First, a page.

Should I Buy Campbell Soup Co. Stock? 3 Pros, 3 Cons

by Tom Taulli | May 23, 2013 12:06 pm

This week, Campbell Soup Co. (CPB[1]) reported solid third-quarter earnings.

Revenues increased by 15% to $2.09 billion and earnings came to $181 million, or 57 cents a share, up from $177 million, or 55 cents a share in the same period a year ago. Adjusted for one-time items, earnings were 62 cents a share. The Street was looking for revenues of $2.04 billion and earnings of 56 cents.

Then again, CPB got a boost from the colder weather (the perfect time for soup, of course). The company also grabbed more valuable shelf space because of the bankruptcy of Wonder Bread (which gave more exposures to Pepperidge Farm products).

So can CPB keep up the momentum? To see, let’s take a look at the pros and cons:


Great Brands. Of course, the Campbell Soup brand is iconic. In fact, American’s consume about 10 billion bowls per year. Its Chicken Noodle, Tomato and Cream of Mushroom soups are among the top 10 food items sold in grocery stores every week, while market share is a hefty 60%. But CPB has other strong categories too, such as sauces and pastas. They include top brands like Prego, SpaghettiO’s and Campbell’s gravies.

Strong Leadership. In August 2011, Denise Morrison took the helm as CEO. She has over 30 years in the food business, with executive positions at companies like Kraft (KRFT[2]), Nestle and Pepsi (PEP[3]), and has wasted little time restructuring CPB. For example, she revamped the supply chain and closed down a variety of plants. She also made some savvy acquisitions, including BF Bolthouse. The company is a top player in the natural and healthy food category, which commands nice margins. At the same time, Morrison has invested heavily in innovation and product extensions, including the launch of premium products like Campbell’s Go, Slow Kettle and Gourmet Bsques.

Foreign Markets. This should be a big growth driver for the long-term. While CPB’s had its challenges — especially in Russia — the company has still seen traction in markets like Mexico and Singapore. The fact is that its brands generally have a global appeal. Plus, CPB has also been smart to pursue partnerships. Just look at Mexico. The company has arrangements with companies like Grupo Jumex, which is the largest fruit producer in the market, and Conservas La Costena, one of the largest producers of preserved foods. The deals have been crucial for getting distribution and manufacturing capabilities.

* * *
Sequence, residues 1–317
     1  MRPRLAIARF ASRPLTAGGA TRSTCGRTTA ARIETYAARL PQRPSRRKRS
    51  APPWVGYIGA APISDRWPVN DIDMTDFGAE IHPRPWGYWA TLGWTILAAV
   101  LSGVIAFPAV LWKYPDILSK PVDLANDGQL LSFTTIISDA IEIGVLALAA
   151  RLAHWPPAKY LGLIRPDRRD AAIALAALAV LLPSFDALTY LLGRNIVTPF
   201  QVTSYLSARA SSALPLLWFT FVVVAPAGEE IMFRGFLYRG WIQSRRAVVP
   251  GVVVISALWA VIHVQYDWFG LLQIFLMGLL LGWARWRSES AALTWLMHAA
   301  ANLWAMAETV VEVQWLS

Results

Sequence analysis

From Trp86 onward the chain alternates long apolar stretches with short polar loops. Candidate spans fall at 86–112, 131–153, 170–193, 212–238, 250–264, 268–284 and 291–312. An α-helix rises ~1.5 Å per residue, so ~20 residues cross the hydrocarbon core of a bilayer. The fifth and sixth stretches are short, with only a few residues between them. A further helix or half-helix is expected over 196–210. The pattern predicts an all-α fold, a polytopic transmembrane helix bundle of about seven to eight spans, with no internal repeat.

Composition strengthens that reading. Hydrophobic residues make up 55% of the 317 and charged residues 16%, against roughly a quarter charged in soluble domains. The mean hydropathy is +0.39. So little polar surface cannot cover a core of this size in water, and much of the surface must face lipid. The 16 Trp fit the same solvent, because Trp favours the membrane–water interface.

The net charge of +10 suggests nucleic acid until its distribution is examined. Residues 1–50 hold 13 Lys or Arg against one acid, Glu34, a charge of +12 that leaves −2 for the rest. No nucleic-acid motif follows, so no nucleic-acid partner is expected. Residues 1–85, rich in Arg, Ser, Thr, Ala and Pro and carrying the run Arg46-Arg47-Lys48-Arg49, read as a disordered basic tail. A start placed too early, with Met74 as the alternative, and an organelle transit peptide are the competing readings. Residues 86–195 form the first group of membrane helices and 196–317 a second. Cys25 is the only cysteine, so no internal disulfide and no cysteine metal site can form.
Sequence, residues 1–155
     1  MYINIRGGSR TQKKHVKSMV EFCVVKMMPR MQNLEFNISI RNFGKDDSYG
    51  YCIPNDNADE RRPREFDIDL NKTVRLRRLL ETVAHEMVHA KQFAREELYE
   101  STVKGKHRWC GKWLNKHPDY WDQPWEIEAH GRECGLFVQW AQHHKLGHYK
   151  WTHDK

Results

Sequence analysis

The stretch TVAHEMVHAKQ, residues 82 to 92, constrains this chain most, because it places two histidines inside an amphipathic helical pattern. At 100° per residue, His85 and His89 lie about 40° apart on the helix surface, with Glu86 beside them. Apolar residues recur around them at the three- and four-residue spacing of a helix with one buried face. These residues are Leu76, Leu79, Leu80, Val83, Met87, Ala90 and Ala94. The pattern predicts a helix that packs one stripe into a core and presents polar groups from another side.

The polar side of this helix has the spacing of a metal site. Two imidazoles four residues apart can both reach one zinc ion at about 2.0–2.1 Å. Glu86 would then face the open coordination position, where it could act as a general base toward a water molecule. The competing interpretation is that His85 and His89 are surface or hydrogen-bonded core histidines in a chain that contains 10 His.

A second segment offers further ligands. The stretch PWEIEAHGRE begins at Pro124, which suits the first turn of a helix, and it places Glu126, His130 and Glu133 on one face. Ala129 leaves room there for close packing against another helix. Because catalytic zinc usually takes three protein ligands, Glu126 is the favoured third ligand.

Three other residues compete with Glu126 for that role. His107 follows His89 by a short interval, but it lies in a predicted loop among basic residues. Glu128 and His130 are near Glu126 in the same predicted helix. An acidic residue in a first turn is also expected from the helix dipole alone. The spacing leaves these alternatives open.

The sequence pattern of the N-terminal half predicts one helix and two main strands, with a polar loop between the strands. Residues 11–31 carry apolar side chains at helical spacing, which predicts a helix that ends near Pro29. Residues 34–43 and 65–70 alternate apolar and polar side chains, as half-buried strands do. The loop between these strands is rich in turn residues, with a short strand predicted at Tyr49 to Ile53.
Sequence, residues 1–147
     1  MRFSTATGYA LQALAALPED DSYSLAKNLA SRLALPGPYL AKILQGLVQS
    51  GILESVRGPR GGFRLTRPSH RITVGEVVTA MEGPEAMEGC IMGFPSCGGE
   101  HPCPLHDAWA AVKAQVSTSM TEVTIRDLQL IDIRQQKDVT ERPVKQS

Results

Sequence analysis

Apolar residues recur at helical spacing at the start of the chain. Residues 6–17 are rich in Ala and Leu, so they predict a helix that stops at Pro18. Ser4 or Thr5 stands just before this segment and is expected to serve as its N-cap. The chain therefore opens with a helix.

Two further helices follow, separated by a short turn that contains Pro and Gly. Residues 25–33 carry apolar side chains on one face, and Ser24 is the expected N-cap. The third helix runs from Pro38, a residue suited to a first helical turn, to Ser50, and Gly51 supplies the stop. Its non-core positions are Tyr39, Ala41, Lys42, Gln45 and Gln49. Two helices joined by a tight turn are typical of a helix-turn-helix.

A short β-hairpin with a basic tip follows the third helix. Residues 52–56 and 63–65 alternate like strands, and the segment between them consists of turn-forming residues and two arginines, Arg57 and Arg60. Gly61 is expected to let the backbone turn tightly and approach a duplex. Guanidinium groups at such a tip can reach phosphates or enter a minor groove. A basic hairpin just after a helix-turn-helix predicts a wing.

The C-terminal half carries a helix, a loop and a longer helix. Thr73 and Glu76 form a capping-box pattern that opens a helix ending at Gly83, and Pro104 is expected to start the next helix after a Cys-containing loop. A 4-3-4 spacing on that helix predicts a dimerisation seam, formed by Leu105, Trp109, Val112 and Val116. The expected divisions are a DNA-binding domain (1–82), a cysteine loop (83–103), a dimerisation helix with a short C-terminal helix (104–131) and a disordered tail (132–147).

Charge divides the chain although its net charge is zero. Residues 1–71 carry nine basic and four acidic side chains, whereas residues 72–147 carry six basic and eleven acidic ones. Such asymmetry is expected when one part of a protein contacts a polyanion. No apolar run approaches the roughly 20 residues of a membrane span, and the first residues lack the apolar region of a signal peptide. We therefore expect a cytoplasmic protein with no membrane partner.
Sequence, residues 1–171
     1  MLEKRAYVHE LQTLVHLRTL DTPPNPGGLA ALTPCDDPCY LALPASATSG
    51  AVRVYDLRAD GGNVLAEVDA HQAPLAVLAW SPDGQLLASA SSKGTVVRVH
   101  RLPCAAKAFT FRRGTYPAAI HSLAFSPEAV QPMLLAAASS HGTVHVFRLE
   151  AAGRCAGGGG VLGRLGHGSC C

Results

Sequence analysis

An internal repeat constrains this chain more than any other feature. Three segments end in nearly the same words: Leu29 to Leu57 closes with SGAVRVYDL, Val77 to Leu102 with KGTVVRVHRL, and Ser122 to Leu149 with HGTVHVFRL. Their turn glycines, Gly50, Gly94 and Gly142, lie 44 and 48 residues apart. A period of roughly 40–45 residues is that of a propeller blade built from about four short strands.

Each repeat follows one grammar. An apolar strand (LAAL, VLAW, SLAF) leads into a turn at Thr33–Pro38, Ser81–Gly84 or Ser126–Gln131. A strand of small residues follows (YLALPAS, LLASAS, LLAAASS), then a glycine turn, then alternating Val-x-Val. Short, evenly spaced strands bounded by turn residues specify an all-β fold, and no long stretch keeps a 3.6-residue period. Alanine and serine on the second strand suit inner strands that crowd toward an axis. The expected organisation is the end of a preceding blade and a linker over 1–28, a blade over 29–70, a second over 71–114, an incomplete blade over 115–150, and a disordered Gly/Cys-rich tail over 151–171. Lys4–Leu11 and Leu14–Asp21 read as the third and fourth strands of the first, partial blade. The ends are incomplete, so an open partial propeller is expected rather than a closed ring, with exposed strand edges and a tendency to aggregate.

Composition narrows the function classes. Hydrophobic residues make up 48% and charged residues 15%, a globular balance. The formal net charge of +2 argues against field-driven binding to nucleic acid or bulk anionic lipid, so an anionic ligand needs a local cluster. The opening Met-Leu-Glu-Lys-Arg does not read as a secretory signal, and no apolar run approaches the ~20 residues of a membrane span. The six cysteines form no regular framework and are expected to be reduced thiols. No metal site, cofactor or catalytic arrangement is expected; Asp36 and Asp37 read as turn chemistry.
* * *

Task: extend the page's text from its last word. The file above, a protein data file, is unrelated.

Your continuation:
Beverage Business. This segment has been weak, with sales down 5% in the latest quarter. The problem is that V8 juices are perceived as not being fresh since they are sold off the shelf. Instead, consumers are looking for items in freezers, like Pepsi’s Tropicana Farmstand, which continues to take away marketshare from V8.

Foodservice Business. Unfortunately, this has been another weak part of the company. In Q3, the sales dropped by about 10% excluding the Blothouse acquisiton. A key reason was the loss of a major restaurant customer (although the company was not named) but the Foodservice market appears to be facing long-term headwinds. All in all, many restaurant operators have been trying to reduce costs, which means putting pressure on companies like CPB.

Customer Concentration. Five customers account for roughly 34% of CPB’s sales. And as should be no surprise, Walmart (WMT[4]) represented 17% of sales. In other words, CPG is vulnerable to negotiation on terms, which could drag margins. Another factor: Some of the customers, especially grocers, are starting to launch their own private-label brands for soups.


No doubt, Morrison has made great strides. She has pulled off a turnaround in the core soup business, which saw a 14% increase in sales in the latest quarter — the biggest increase in about five years.

Her acquisitions have also been smart and she has been investing heavily in new product innovations and extensions. In other words, CPB appears to be back on track and could see sustainable growth and profitability.

Despite this, there are still problems, as I mentioned, which are compounded by the stock’s valuation. The company is trading for 17 times expected 2014 earnings — pretty pricey for a company that still has some lingering issues

Besides, the dividend yield is a lackluster 2.4%. Given all this, the cons outweigh the pros on the stock.

Tom Taulli runs the InvestorPlace blog IPO Playbook[5]. He is also the author of High-Profit IPO Strategies[6]All About Commodities[7] and All About Short Selling[8]. Follow him on Twitter at @ttaulli[9]. As of this writing, he did not hold a position in any of the aforementioned securities.

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